It’s been a challenging but hopeful year for Creative Commons. We’ve made some significant advances, found new leadership, and grown our affiliate network. But the commons is still at risk, and we have much to do.
Last November, we released Version 4.0 of the Creative Commons licenses. The new licenses are an enormous achievement, and represent years of work by dozens of dedicated people — including some of the foremost intellectual property experts in the world.
Version 4.0 is the most international set of licenses to date, which wouldn’t have been possible without the expertise and effort of Creative Commons’ affiliate network. It’s also the most versatile, covering use cases that no one would have thought of 11 years ago. And that wouldn’t have happened without the diverse community of users pushing the licenses to go further.
Without those communities, Creative Commons licenses would be an interesting idea and no more. With them, CC is a growing, evolving movement that’s redefining how knowledge, culture, and information are shared. The affiliates give CC licenses relevance and meaning with their tireless work to build communities around open licensing and open practices.
Last year, CC staff, board, affiliates, and community met in Buenos Aires to plan for our long-term future. Together, we agreed that licenses alone will not achieve our dream of greater access to knowledge and culture worldwide. Laws must change too. A few weeks later, we formalized our public stance in support of global copyright reform. We urge lawmakers to consider the unintended consequences of overly restrictive copyright law. And we arrived at that stance only because our community led us to it.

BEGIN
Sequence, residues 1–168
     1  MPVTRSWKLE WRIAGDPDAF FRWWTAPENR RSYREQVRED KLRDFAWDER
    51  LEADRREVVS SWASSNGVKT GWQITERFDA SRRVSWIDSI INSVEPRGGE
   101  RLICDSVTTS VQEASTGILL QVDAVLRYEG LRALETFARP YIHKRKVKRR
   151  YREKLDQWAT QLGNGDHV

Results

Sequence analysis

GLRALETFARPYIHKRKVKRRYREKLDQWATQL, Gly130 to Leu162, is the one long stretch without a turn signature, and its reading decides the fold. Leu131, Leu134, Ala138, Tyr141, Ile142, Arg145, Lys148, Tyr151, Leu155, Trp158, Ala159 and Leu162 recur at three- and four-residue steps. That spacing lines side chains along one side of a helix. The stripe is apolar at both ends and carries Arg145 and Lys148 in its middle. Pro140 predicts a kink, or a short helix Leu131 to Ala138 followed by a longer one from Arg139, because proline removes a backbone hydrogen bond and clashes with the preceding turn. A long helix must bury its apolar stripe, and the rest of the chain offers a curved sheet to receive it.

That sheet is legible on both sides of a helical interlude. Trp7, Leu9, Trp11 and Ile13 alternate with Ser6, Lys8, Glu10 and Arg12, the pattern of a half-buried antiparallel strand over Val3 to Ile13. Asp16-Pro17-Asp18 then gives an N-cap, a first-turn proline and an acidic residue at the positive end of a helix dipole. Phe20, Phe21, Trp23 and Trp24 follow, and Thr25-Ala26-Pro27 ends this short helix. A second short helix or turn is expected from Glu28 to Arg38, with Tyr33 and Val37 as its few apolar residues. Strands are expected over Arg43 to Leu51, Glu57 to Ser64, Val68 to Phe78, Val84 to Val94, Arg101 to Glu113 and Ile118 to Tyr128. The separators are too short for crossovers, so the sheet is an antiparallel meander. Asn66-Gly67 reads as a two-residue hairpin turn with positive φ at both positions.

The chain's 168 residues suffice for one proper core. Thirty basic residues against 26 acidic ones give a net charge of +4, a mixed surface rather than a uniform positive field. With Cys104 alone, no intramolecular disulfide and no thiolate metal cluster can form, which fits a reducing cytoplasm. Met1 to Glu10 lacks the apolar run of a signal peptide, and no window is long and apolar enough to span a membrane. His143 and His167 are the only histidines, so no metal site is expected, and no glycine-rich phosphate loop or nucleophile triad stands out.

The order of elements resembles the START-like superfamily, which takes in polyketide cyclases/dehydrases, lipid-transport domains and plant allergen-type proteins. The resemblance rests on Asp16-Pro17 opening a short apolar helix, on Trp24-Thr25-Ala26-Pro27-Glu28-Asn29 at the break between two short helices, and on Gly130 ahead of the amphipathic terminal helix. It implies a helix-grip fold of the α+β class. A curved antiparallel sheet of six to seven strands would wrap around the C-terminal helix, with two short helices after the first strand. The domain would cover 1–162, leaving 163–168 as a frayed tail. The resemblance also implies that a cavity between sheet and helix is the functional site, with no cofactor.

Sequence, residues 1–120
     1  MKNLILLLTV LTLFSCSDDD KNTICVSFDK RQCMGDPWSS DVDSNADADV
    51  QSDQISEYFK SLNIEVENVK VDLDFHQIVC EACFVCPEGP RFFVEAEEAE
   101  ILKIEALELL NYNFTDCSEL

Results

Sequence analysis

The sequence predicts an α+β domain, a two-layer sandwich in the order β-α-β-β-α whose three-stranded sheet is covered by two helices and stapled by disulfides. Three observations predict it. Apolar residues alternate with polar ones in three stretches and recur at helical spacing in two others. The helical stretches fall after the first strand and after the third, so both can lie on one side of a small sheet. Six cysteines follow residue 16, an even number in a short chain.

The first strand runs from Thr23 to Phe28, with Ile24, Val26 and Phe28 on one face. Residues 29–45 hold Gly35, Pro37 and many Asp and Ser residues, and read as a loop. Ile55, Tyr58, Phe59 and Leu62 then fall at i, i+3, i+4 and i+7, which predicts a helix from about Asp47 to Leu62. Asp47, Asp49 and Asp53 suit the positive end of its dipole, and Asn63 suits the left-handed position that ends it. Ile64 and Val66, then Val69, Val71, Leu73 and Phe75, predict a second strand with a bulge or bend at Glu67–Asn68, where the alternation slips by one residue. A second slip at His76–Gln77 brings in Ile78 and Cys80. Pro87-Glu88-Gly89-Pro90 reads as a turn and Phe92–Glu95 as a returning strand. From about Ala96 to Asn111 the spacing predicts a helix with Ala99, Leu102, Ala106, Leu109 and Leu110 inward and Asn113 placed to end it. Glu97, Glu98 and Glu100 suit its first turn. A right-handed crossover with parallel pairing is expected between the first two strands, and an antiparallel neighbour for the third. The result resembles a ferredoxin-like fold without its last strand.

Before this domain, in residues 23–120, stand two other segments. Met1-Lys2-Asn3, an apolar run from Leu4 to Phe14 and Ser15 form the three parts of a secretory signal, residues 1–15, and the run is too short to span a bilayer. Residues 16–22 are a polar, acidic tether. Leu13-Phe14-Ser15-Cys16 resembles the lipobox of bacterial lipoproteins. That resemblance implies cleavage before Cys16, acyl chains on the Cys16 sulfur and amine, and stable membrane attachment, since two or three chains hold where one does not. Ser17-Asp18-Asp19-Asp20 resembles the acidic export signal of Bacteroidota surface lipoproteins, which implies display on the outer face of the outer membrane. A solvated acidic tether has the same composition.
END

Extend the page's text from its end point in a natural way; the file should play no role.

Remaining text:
In May, after an extensive search, CC selected Ryan Merkley as our new CEO. Ryan joins us after a long history in technology, nonprofits, and government, including work as chief operating officer at the Mozilla Foundation. He brings a strong vision and passion for Creative Commons and its communities, and has already begun to reach out to build the next phase of our organization. I’m excited for what’s to come, and to work with him as chair.
CC and its licenses are part of the infrastructure that powers the web we know and love. But building the licenses is just the first step; the next step is to use those licenses as a tool for change. All of us can work together to demonstrate the value of sharing to individuals, governments, policy-makers, institutions, and corporations, and to build a future in which everyone is more free to participate in society. While the task is significant, I know we can achieve it together.
Except where otherwise noted, The future is open by Creative Commons is licensed under a Creative Commons Attribution 4.0 International License.